QLD: first prosecution for industrial manslaughter against an individual
The following article is a news item provided for the benefit of the Workplace Health and Safety profession. Its content does not necessarily reflect the views of the Australian Institute of Health & Safety.
Queensland’s independent work health and safety prosecutor, Aaron Guilfoyle, has commenced the first prosecution for industrial manslaughter against an individual since the offence was enacted in Queensland in 2017.
Guilfoyle has charged Jeffrey Owen – who owns a Gympie business which sells and services electric motors – with one offence under s.34C of the Work Health and Safety Act 2011.
It is alleged that Owens negligently caused the death of a worker in July last year at his business premises.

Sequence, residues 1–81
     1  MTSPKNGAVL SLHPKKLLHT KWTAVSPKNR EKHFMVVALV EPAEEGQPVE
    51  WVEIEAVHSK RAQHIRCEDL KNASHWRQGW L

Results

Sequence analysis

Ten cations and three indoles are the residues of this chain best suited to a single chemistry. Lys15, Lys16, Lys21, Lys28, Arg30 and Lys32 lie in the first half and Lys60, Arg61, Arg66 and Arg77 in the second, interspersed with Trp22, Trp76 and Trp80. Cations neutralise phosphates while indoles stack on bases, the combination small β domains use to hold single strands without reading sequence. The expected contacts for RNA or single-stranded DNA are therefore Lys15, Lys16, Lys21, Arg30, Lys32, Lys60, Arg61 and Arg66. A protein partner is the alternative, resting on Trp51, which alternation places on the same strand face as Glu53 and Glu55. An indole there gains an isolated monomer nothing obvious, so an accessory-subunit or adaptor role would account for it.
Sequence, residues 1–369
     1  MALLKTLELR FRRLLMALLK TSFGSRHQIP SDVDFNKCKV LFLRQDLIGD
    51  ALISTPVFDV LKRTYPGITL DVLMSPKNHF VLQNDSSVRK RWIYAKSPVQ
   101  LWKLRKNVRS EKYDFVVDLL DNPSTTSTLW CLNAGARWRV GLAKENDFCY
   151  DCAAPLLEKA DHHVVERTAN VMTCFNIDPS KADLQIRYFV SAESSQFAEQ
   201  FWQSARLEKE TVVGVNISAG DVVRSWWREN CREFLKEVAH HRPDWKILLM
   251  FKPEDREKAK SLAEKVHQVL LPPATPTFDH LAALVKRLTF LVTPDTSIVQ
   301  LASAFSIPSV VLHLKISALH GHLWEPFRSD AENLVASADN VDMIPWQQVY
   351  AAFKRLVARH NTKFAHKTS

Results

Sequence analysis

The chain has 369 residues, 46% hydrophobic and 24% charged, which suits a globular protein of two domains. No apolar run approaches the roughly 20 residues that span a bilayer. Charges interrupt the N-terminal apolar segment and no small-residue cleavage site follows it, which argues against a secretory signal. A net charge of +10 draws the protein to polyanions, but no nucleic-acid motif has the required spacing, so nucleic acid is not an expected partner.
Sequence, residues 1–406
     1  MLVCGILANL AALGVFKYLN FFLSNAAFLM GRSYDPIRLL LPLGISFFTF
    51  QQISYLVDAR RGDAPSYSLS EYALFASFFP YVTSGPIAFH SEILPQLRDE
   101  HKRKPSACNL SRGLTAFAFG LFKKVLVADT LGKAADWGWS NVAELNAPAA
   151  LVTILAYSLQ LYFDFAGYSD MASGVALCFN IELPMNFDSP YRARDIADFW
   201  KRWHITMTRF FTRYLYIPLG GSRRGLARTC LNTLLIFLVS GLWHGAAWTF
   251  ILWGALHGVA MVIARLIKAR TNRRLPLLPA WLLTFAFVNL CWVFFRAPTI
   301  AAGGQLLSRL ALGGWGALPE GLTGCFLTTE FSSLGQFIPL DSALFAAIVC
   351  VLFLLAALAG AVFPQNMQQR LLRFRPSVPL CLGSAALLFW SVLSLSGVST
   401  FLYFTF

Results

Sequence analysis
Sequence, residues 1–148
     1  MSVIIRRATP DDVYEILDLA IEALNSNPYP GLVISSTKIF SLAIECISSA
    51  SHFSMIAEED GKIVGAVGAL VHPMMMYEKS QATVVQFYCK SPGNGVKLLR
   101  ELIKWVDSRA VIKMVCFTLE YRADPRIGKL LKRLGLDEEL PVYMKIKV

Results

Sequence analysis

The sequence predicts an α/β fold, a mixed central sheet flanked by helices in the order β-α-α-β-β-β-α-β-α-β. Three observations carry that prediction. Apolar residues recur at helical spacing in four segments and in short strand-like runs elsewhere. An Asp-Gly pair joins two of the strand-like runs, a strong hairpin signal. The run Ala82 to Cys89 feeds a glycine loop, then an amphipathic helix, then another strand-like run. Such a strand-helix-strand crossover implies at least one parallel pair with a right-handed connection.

The maximum penalty for industrial manslaughter is 20 years imprisonment.
A second party, a company, has also been charged with an offence under the Act arising from the same incident.
The charges against Mr Owen will be mentioned in the Gympie Magistrates Court on Thursday 1 October 2020.
The prosecution comes on the heels of Australia’s first conviction and sentence for industrial manslaughter which was recently handed down in the Brisbane District Court.
The Court issued a $3 million fine and suspended jail sentences to two company directors over an incident in which a worker was crushed by a forklift.
The conviction related to an incident in May 2019 at a wrecking yard in Rocklea, Brisbane, in which a worker suffered fatal injuries when a forklift was reversed, crushing him between the forklift and a stationary tilt-tray truck.
The investigation into the incident by Workplace Health and Safety Queensland (WHSQ) and Queensland Police revealed that the business had no documented safety systems and that the driver of the forklift was unlicensed.
The defendant, Brisbane Auto Recycling Pty Ltd, had on 3 April 2020 entered a guilty plea to one offence contrary to s34C of the Work Health and Safety Act 2011.